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Supporting ESL Students in a Remote Enviornment

Students who speak English as a second language (ESL), also called English language learners (ELL), are the fastest-growing population of students in K-12 schools, according to the National Education Association. By 2025, a quarter of all students in U.S. classrooms will be ELLs.

When it comes to remote learning, these students require the same high-quality instruction as other students, but with special support related to their needs as English language learners. Researchers expect some form of remote learning to continue after the COVID-19 pandemic has passed: The RAND Corporation found 30% of schools are considering some form of virtual or hybrid instruction in the future. It’s therefore imperative that educators support ESL students’ remote learning needs — not just presently but also in the future.

Educators may want to consider the Master of Science in Curriculum and Instruction with a Specialization in Bilingual Education program to equip them to meet multicultural students’ remote learning needs. Here are a few ways educators can support ESL students’ academic achievements in a remote environment:

1. Accommodate for face-to-face interaction

James Cohen told The Chicago Tribune that these students depend on face-to-face, daily interactions in their school environments to improve their language skills. Without those in-person conversations, their learning can suffer.

However, dialogue can still happen in remote settings with the use of video and translation apps. Apps like Flipgrid help teachers host video conversations, while video software like Google Meet, Microsoft Teams and Zoom for Education offer the option to add captions and translation to videos. For students who can’t access the internet live, YouTube recordings of lessons could be uploaded and viewed at a later date.

2. Use home-based activities as opportunities

The best approaches to ESL learning in a remote environment are collaborative, not condescending. Connecting with families and the student’s home environment fosters this collaboration.

Just as a science teacher could encourage remote students to take an outdoor nature walk as a chance to reinforce concepts learned in the classroom, educators of ESL students can frame daily home activities as chances for learning. Resilient Educator suggests an approach that takes into account a family’s cultural traditions: ELL students “already serve as translators for family and friends, engage in adult level negotiations for non-English speaking family members and strive to live up to academic and cultural expectations. Exploring opportunities to use these daily activities and bilingual learning platforms serves to strengthen community engagement.”

3. Embrace self-directed learning

Self-directed learning is related to the strategy above in that it accounts for the realities that students encounter during their virtual learning. Allowing ELL students to chart their own course is important because they may be learning on a different schedule than they would in a classroom. Students might be sharing computers or other technology with family members. Flexible lessons that students can view at different times (or use offline) will help accommodate these schedules.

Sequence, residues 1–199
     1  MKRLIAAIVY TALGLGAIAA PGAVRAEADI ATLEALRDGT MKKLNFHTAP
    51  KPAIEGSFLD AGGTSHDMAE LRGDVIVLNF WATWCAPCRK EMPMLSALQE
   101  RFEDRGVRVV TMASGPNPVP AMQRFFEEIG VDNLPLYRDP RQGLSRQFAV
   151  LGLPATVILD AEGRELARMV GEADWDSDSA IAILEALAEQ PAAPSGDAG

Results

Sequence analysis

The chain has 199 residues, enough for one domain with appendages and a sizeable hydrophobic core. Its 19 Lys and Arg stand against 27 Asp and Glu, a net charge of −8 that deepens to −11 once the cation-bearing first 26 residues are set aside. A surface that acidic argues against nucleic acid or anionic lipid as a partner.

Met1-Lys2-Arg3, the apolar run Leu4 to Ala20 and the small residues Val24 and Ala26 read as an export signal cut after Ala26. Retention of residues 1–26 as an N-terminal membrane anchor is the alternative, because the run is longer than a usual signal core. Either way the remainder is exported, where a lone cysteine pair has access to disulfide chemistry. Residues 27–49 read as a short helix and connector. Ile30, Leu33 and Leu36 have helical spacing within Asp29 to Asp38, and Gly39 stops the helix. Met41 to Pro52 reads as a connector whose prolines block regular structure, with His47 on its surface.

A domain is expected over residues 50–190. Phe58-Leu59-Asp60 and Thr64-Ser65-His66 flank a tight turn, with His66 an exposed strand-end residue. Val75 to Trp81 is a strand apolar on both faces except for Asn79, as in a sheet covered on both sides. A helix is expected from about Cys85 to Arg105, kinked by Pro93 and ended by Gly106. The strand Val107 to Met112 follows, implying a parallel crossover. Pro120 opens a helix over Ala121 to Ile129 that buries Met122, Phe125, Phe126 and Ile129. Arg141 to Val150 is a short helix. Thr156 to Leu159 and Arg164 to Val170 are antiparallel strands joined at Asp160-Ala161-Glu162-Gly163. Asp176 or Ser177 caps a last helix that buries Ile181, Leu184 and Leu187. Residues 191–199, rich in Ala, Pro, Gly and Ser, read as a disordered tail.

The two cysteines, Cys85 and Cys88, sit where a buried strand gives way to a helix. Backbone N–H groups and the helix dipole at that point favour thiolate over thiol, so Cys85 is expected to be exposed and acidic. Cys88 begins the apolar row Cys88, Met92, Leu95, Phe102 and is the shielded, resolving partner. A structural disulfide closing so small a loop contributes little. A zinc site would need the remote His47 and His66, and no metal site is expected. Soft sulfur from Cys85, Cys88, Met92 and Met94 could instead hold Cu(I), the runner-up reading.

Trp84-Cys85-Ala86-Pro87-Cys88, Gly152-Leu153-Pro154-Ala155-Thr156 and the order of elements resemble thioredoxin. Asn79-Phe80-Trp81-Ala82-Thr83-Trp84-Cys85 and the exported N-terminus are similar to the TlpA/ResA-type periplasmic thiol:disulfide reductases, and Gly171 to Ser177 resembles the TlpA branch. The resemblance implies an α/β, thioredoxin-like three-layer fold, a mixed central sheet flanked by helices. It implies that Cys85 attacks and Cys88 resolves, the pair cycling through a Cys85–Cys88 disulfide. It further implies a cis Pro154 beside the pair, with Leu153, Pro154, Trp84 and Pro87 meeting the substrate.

Additionally, flexibility in how ELL students complete assignments — allowing for a mix of written, verbal, and other types of work — will help keep students engaged at their own pace. EdWeek suggests teachers embrace TikTok, Instagram, Flipgrid, Quizlet and other digital tools to find one that fits student needs.

4. Nurture a culturally responsive relationship

Research suggests that educators who “change the mindset” from one oriented purely toward ESL students’ language acquisition to one that embraces cultural dialogue and community orientation benefit students’ success more. Resilient Educator notes linguistic specialist Mari Haneda has found “it is important to consider what these students are doing each day in their own communities outside of the classroom in order to set up effective learning communities.”

Partnerships between educators and communities should consider those communities’ cultural values and practices and understand how those will shape students’ learning.

5. Encourage familial involvement.

When children are learning remotely, their home and familial environments matter more than ever. Under remote learning models, families may have more contact and, therefore, can supervise students’ learning better than teachers.

Schools must communicate effectively with the families of ESL students. This could include conveying school information in languages other than English. It might also include asking family members to volunteer their time with the school, whether speaking to the class or assisting with activities. But above all, it involves putting the student’s family first: organizing meetings around their schedules, respecting their cultural traditions and celebrating their strengths rather than criticizing perceived deficiencies.

Learn more about Texas A&M International University’s online Master of Science in Curriculum and Instruction with a Specialization in Bilingual Education program.


Chicago Tribune: Remote Learning Presents Unavoidable Challenges for Some Students

EdSurge: Remote Learning Is Here to Stay

EdTech: How to Support English Language Learners During E-Learning

Education Week: Ten Strategies for Teaching English-Language Learners Online

National Education Association: English Language Learners

RAND Corporation: Remote Learning Is Here to Stay

Resilient Educator:
Five Ways to Engage Parents of ELL Students
How Teachers Can Help ELL Students Create a Community

WeAreTeachers: Real Teacher Tips for Supporting Your English Language Learners in Remote Learning

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